A former Army doctor who has spent a career helping veterans who believe they were permanently harmed by malaria drugs said two medications being considered to treat the COVID-19 coronavirus could cause brain damage and other long-term health problems in some "susceptible individuals."
A small French study on the use of hydroxychloroquine to treat COVID-19 garnered attention last week when President Donald Trump touted its results and promised to make the drugs "available almost immediately."
The non-clinical trial found that hydroxychloroquine, a derivative of chloroquine, lowered the virus counts of 20 patients with COVID-19 within six days of it being administered. When used together with the antibiotic azithromycin, it cured six individuals of the coronavirus within a week.
"HYDROXYCHLOROQUINE & AZITHROMYCIN, taken together, have a real chance to be one of the biggest game changers in the history of medicine," Trump tweeted March 21.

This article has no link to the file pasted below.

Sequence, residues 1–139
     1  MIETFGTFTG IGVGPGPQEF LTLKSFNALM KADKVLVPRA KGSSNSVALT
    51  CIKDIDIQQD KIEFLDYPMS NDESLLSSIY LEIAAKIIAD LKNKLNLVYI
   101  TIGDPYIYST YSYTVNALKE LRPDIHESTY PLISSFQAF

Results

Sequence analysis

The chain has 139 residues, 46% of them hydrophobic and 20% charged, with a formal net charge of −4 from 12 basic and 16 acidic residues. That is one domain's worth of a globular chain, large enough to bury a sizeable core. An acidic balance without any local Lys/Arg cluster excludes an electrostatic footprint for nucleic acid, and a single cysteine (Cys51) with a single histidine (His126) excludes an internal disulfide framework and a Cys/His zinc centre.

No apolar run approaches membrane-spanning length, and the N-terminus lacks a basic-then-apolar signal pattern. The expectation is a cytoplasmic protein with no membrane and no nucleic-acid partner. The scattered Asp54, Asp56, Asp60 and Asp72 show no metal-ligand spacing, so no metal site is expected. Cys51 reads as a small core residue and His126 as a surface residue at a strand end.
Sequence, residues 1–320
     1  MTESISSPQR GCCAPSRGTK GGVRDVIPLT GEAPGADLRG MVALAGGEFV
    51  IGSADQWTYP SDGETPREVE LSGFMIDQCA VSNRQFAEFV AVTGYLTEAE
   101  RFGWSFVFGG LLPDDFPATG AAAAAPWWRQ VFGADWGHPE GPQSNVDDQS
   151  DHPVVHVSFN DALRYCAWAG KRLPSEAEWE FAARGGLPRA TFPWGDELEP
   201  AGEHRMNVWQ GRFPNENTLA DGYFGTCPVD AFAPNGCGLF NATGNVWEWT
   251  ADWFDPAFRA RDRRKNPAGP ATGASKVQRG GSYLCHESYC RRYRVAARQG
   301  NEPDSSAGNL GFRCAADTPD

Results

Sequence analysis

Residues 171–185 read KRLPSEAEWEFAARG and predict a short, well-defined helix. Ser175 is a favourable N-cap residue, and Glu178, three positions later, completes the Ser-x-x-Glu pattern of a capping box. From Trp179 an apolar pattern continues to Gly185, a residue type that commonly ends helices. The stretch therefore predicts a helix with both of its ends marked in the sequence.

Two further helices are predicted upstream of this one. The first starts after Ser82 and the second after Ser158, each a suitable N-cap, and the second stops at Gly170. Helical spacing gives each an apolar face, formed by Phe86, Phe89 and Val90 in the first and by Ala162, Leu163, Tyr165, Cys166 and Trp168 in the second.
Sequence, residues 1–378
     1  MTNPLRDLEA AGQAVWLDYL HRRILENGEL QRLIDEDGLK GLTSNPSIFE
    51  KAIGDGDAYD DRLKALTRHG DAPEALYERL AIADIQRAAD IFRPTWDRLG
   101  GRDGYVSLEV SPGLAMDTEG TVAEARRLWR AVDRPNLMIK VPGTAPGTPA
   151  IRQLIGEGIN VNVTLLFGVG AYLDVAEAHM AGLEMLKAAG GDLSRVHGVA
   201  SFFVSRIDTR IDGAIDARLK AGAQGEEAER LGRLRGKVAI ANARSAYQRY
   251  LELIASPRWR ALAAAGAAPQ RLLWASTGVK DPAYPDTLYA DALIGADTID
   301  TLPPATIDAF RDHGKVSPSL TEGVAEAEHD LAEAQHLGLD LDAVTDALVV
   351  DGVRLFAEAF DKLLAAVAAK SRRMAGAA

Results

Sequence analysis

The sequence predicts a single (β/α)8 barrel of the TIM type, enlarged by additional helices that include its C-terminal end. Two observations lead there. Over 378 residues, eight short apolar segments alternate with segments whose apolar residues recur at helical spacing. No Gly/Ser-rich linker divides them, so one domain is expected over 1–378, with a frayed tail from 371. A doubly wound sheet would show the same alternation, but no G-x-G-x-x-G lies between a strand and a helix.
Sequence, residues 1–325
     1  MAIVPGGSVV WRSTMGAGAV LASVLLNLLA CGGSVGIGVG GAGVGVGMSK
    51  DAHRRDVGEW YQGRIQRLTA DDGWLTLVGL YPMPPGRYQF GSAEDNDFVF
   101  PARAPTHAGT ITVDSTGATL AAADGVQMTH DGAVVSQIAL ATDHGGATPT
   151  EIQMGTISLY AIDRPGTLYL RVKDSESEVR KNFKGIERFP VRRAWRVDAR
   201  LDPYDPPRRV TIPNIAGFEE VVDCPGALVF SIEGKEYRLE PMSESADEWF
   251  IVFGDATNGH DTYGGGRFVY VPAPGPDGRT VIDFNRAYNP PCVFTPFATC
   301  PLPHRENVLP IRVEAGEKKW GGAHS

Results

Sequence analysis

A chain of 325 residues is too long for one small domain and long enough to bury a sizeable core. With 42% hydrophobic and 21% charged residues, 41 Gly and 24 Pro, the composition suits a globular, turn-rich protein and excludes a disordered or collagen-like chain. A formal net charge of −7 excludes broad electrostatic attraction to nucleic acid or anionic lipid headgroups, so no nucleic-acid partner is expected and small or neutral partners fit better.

Trump announced Monday that 10,000 "units" of hydroxychloroquine and azithromycin will be distributed tomorrow morning in New York City to patients with COVID-19.
"It would be a gift from God if it worked, a real game changer," Trump said.
The president's support prompted a run on chloroquine and hydroxychloroquine: The hospital purchasing organization Premier said orders for chloroquine spiked by 3,000% this month while those for hydroxychloroquine increased 260%.
According to the Centers for Disease Control and Prevention, physicians in the U.S. have been using it "off-label" -- for use other than what is recommended by the Food and Drug Administration -- to treat patients hospitalized for COVID-19.